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I'm working on adding volume effects to an existent, open-source game engine. At the moment, the engine only supports two dimensional "thruster" bitmaps with a planar heat distortion drawn over the bitmap.

Is it possible to make a Volume filling Heat Distortion? If so, what would be the general idea behind it?

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  • \$\begingroup\$ I know I've seen it before, so it must be possible. My guess would be two steps: draw everything but the heat volume to a render target, then a pass using the depth buffer to distort the render target in the regions covered by the heat volume. Someone who knows shaders really well should be able to provide more detail. \$\endgroup\$ – jzx Dec 4 '14 at 7:35
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I think you have two options. (1) You could go for a view-space effect where you render everything first and then apply the heat-distortion as a post-processing effect to the 2D rendered scene. (2) Alternatively you could apply the effect in world space through vertex displacements in the vertex shader stage.

(1) View-space distortion could make use of the depth buffer to estimate the depth of objects, as jzx mentions. The advantage of this approach would be simplicity, as you are just operating on a part of the final 2D projected scene - i.e. a zone of pixels. The disadvantage you only have information of the nearest polygon for every pixel. This means distorting a foreground object can never reveal objects located behind it. This effect might therefore look give the impression of a fake, flat effect.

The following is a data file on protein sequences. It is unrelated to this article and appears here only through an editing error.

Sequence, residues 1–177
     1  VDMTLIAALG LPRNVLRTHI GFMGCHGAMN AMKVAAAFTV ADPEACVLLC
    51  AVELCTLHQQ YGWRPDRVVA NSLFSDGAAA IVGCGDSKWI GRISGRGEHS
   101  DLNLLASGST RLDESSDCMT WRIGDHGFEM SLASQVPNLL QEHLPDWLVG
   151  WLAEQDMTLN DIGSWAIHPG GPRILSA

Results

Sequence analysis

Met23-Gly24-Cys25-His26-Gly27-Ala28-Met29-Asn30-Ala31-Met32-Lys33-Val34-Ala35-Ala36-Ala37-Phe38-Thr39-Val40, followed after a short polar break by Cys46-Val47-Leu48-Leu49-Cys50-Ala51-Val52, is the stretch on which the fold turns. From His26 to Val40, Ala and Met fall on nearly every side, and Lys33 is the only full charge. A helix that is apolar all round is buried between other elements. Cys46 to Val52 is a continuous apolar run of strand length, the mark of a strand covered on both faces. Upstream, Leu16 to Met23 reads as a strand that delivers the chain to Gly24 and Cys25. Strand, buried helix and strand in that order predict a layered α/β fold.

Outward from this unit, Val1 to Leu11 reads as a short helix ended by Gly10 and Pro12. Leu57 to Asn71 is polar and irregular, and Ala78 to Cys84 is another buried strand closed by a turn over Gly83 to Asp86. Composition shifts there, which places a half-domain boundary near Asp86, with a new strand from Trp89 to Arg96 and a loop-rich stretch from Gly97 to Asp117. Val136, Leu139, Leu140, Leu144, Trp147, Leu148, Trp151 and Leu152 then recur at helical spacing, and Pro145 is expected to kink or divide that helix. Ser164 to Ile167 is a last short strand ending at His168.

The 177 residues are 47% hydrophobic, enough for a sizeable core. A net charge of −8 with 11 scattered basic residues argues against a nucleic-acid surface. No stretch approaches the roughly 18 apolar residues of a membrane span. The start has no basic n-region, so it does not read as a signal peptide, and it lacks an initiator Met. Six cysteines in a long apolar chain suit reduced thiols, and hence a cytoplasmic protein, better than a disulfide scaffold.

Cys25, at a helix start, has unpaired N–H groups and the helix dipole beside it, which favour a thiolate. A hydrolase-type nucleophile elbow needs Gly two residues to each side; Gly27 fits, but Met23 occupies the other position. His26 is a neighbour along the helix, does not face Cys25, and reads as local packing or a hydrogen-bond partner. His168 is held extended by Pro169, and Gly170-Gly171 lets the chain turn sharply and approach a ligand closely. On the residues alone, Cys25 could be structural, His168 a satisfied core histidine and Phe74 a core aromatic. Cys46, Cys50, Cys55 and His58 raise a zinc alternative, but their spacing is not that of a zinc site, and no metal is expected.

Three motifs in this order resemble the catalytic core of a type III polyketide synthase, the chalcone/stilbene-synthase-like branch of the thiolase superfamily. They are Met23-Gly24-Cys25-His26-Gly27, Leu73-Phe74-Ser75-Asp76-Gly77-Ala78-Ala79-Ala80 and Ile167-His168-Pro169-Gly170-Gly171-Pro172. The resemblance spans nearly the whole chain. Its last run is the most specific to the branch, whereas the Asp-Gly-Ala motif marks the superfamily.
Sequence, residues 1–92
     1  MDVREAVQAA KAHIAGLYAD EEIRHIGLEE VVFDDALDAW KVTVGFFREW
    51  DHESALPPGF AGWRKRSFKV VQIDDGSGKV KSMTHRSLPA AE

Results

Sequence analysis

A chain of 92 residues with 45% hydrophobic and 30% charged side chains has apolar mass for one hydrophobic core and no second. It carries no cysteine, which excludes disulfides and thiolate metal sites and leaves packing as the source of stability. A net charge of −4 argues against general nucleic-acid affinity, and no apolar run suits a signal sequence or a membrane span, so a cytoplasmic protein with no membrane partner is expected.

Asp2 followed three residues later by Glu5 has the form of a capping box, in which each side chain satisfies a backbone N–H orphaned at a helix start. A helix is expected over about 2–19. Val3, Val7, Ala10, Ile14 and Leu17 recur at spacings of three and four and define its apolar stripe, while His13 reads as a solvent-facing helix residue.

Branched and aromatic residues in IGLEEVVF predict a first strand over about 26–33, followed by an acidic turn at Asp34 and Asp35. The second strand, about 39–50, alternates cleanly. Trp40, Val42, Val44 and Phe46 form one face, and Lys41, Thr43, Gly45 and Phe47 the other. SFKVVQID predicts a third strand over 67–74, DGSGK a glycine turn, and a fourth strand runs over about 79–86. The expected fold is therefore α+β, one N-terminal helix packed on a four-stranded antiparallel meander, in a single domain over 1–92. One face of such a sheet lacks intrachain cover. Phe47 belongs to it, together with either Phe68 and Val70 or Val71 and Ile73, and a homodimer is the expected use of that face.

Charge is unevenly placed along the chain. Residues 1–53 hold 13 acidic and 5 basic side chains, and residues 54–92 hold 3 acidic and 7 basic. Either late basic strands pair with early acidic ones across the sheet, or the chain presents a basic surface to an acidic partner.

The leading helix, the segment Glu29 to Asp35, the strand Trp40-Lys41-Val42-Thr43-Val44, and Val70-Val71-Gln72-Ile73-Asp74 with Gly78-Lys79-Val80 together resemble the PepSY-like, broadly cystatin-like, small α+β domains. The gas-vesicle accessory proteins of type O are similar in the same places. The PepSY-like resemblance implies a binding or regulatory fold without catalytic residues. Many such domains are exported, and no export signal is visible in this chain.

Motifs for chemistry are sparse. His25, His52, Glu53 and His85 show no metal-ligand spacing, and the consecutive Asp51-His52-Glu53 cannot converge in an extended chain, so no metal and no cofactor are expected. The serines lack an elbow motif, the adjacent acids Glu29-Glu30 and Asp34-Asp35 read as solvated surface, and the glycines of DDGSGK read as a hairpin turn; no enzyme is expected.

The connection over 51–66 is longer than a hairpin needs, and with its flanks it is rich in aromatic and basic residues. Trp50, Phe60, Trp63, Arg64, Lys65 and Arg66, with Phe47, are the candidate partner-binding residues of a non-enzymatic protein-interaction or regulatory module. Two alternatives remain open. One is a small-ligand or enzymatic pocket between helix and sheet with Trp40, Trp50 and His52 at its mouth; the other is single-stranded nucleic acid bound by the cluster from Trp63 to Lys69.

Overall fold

(2) By working in world-space, you can apply distortions to the vertices of all objects. The advantages are: 1. distorted objects can reveal objects behind them, 2. distorting of vertices is very efficient compared to distorting individual pixels (as the rasterization process, in hardware, will take care of all fragments inbetween the vertices) - unless you have a scene with (extremely) many overlapping objects, 3. you can use a 3D function to drive the intensity of the distortion throughout space, which seems very elegant as compared to using a bounding volume. 4. the effect is applied in 3D, meaning distant objects will natrally have less distortion than near ones, solving the problem of the "fake, flat distortion effect".

In summary, you can go for 2 broad approaches: distortion in view-space and distortion in world-space. I would use the latter for better visual results, more elegancy and likely more performance.

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  • \$\begingroup\$ You forgot to add the disadvantages of distorting vertices, which include that you need quite a fine degree of tesselation and that it's prone to interpolation artefacts. (FYI I'm aware this is a 5+ year-old answer, but it seems appropriate to add this comment for the benefit of anyone coming across it in the future.) \$\endgroup\$ – Maximus Minimus Jan 6 at 9:15

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